In the Highlands and Islands Enterprise response of 31 May to the work of the Scottish Government's Advisory Group on Economic Recovery (post Covid-19), convened by Benny Higgins, there is an inadvertent glimpse into the minds of those charged with formulating the document.
On P10 we read the HIE's very brief views on transport. It stresses that "addressing long-standing transport constraints must also continue to be at the forefront if the economy of the Highlands and Islands is to rebound strongly. Acute issues such as ferry disruption, the fragility of air links and the resilience and reliability of strategic roads can have a significant impact on residents' lives and the operation of businesses. Enhancing growth and productivity also requires reduced journey times from the Highlands and Islands to Scotland's main economic centres. Scottish Government's commitments to deliver the A9 and A96 dualling programmes along with an appropriate network of electric charging points will be hugely important in supporting inclusive growth and aiding recovery in the regional economy over the long term."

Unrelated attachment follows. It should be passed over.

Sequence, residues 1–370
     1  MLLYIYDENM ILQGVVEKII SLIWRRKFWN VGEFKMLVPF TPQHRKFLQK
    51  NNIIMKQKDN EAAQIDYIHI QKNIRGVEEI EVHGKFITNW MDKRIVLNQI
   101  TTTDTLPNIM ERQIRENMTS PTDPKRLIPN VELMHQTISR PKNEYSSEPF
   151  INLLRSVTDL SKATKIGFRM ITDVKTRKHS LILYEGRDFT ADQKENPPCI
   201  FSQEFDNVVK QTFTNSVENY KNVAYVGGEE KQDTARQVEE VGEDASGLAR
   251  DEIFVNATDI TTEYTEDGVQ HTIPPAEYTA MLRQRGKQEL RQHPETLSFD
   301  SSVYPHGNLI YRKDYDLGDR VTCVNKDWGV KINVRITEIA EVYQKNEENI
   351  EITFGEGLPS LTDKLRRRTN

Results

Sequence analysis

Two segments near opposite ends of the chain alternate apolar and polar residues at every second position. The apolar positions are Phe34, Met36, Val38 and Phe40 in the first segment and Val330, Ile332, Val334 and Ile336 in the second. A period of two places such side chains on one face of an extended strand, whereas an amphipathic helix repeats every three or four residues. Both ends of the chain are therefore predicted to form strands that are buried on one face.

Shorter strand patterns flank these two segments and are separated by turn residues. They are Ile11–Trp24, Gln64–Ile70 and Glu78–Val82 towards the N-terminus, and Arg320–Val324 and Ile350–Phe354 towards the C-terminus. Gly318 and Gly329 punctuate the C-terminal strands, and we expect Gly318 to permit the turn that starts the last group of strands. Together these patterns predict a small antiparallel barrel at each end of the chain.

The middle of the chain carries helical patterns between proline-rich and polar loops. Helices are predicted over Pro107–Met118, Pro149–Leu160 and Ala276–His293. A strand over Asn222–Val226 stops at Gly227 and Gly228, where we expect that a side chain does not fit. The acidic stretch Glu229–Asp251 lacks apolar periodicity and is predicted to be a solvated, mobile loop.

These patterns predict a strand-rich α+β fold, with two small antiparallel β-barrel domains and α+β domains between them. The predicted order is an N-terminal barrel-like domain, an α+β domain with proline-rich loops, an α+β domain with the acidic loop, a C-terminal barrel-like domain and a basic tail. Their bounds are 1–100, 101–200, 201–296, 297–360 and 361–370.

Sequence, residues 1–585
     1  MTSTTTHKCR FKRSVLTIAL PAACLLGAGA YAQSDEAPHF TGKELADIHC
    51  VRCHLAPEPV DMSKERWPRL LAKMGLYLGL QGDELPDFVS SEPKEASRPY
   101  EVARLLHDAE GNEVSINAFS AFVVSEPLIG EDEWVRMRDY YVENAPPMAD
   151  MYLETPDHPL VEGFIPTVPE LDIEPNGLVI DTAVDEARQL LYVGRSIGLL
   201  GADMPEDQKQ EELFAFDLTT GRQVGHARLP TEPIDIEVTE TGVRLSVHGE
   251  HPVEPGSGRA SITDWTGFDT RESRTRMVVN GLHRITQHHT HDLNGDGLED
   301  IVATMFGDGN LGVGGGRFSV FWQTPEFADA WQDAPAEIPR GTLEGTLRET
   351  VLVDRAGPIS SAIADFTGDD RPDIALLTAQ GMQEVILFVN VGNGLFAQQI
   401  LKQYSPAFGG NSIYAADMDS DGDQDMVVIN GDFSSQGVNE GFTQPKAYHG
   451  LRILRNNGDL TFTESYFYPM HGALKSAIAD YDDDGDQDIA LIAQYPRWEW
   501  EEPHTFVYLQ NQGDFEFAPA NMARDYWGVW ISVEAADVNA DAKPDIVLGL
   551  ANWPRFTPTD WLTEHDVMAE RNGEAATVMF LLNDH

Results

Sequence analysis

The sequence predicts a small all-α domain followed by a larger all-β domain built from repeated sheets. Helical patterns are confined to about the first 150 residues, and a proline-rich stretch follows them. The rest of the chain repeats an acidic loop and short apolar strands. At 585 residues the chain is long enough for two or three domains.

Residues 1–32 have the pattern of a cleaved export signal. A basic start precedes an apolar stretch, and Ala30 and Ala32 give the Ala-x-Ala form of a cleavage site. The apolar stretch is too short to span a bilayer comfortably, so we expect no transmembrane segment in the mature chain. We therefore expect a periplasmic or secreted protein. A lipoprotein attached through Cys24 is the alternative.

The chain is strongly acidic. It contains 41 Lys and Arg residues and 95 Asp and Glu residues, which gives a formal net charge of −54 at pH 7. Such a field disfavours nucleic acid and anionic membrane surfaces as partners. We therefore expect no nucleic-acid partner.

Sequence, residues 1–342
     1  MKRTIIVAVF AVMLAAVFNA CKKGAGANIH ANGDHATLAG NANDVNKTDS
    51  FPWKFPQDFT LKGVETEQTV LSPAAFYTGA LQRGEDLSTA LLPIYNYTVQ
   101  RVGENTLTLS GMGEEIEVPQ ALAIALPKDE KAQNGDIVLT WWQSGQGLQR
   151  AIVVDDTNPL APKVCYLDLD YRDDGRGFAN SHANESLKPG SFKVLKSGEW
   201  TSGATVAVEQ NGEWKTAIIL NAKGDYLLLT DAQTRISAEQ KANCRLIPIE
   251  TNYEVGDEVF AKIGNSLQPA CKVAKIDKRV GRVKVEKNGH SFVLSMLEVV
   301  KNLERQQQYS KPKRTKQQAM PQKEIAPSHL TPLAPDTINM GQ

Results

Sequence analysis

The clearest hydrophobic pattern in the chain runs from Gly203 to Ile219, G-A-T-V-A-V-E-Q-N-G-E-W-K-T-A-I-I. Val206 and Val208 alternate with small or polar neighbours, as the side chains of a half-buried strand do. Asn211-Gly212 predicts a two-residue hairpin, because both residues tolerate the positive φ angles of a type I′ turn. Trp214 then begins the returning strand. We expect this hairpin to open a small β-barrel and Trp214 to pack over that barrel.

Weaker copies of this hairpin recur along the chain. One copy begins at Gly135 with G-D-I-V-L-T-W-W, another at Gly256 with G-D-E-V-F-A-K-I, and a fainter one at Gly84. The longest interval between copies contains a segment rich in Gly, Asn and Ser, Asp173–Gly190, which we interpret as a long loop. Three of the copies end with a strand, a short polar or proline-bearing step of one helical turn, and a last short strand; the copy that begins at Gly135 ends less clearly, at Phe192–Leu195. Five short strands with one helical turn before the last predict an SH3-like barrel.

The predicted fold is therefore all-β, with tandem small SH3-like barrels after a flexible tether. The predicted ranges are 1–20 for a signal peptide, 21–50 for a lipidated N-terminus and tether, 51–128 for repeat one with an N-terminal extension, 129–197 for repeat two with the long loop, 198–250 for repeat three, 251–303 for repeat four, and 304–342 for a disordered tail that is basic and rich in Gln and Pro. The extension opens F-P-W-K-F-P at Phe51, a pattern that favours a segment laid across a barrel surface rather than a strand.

The next bullet point is concerned with infrastructure investments needed to drive the decarbonisation of transport, and contains the only reference to rail: "electric and hydrogen powered trains."
There is no mention, at any point, of the Victorian railway infrastructure which needs to be upgraded to provide a fast and frequent enough service to achieve modal shift away from road transport.
It clearly didn't occur to the response writer of the organisation, whose declared purpose and priorities are "making our region the best place to live, work, study and invest", that there is such a glaring deficiency in the area's rail network as a single-track-with-passing-places "Main Line". The Highland Main Line joins a large part of its constituency to the rest of Scotland and the UK.